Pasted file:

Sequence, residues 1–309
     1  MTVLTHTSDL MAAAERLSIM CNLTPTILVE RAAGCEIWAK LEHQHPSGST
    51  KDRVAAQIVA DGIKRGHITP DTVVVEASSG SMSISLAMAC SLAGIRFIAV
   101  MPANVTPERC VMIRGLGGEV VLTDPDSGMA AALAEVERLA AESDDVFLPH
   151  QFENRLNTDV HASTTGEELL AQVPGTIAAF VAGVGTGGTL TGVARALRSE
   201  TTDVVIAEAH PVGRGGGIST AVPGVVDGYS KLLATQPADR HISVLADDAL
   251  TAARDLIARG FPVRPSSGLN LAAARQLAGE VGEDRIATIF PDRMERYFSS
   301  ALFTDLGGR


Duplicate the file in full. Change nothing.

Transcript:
Sequence, residues 1–309
     1  MTVLTHTSDL MAAAERLSIM CNLTPTILVE RAAGCEIWAK LEHQHPSGST
    51  KDRVAAQIVA DGIKRGHITP DTVVVEASSG SMSISLAMAC SLAGIRFIAV
   101  MPANVTPERC VMIRGLGGEV VLTDPDSGMA AALAEVERLA AESDDVFLPH
   151  QFENRLNTDV HASTTGEELL AQVPGTIAAF VAGVGTGGTL TGVARALRSE
   201  TTDVVIAEAH PVGRGGGIST AVPGVVDGYS KLLATQPADR HISVLADDAL
   251  TAARDLIARG FPVRPSSGLN LAAARQLAGE VGEDRIATIF PDRMERYFSS
   301  ALFTDLGGR